|A stone cat sculpture in La Romieu|
We dragged ourselves away from the mountains and the second-to-very-few showers and started to head reluctantly north. We made it as far as La Romieu, a perfectly formed village that was too pretty for even the best chocolate box. La Romieu has a local legend about the woodman’s daughter, Angeline and her cats that saved the village. Angeline loved her cats; however, in 1342 a terrible famine hit the village for many years and the locals were desperate enough to eat the local moggies with the exception of two that Angeline was allowed to hide in the attic. When the famine ended and the crops again started to grow, these were quickly eaten by the rat population that had multiplied unchecked with the lack of cats. Fortunately, Angeline’s two cats had had kittens and these cats were able to chase and kill the rats, thus saving the village from further starvation. Now stone sculptures of cats can be found on window ledges and walls, charmingly sleeping and creeping around the village.
|Brantome on the river Drome|
The countryside around La Romieu is undulating and dotted with large farmhouses and rural villas but is mostly fields of cereals and fruit trees and woodland. We followed one of the local way-marked walks and after meeting a couple of groups of pilgrims on their way to Santiago Compostela near to La Romieu we didn’t meet anyone else for over 10kms. The Collegiate Church in La Romieu is on the pilgrim route and is a World Heritage Site.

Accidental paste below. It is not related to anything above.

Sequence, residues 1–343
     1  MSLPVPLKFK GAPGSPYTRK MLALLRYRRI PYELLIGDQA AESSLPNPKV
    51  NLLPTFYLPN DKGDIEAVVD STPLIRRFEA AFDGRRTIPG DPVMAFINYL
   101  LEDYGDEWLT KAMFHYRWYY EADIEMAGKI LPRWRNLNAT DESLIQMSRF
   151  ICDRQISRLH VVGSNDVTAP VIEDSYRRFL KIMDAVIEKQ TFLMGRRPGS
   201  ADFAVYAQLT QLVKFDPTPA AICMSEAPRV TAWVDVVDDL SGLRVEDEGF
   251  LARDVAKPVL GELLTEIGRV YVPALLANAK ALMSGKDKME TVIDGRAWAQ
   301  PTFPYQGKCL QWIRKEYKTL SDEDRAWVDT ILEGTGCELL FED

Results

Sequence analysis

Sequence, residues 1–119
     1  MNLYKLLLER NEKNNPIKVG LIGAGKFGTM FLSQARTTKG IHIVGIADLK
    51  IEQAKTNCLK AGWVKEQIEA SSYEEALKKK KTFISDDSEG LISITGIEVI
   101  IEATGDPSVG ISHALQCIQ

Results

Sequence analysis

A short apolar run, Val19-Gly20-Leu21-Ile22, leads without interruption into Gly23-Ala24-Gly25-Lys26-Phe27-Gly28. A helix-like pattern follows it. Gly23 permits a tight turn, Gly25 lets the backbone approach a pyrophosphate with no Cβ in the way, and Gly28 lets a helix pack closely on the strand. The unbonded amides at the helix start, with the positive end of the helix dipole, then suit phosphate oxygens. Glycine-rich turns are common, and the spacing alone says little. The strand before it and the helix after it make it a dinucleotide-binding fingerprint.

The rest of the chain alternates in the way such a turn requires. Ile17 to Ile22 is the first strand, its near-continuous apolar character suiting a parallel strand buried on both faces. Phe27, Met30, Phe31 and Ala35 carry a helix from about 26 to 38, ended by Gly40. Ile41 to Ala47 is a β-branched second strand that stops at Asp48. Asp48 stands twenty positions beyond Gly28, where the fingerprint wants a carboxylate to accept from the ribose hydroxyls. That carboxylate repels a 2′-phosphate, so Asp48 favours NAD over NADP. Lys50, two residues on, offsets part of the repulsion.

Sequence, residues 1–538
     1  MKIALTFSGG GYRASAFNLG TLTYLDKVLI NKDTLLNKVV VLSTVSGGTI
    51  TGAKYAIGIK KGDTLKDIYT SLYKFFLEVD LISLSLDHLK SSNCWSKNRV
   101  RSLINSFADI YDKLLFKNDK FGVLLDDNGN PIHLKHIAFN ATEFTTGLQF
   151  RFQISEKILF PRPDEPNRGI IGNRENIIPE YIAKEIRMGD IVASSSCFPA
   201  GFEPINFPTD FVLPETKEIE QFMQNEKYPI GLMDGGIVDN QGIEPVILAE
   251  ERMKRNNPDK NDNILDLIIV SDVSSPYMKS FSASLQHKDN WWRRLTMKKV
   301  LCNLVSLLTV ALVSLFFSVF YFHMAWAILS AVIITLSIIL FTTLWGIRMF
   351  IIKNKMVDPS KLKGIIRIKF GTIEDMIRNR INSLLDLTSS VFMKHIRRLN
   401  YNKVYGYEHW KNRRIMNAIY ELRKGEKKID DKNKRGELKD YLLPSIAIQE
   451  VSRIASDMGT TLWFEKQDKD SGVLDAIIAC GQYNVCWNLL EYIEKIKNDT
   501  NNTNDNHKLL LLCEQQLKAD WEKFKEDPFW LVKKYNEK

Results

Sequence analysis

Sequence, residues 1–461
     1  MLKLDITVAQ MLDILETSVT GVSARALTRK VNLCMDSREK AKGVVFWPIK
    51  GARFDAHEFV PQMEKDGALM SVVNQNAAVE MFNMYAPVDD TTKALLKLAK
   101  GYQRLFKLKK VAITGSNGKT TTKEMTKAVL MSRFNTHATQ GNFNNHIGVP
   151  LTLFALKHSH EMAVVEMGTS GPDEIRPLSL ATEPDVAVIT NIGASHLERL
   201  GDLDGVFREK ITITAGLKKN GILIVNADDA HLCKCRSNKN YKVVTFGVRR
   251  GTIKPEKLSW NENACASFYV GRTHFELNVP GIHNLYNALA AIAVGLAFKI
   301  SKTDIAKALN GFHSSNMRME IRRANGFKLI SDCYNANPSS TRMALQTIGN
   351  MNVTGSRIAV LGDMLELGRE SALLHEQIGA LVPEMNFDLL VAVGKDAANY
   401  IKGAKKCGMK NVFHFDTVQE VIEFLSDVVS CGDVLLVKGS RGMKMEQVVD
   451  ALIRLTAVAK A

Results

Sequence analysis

Heading even further north we crossed the rivers we had met in the Massif Central; we crossed the Garonne in Agen, the Lot in the pretty market town of Villeneuve-sur-Lot and the Dordogne in wine soaked Bergerac. We crossed Bastide country; these fortified towns generally from around the 13th Century all originally followed a similar design with a fortified rampart and a central square surrounded by arcades. Some of these Bastides have survived more complete than others.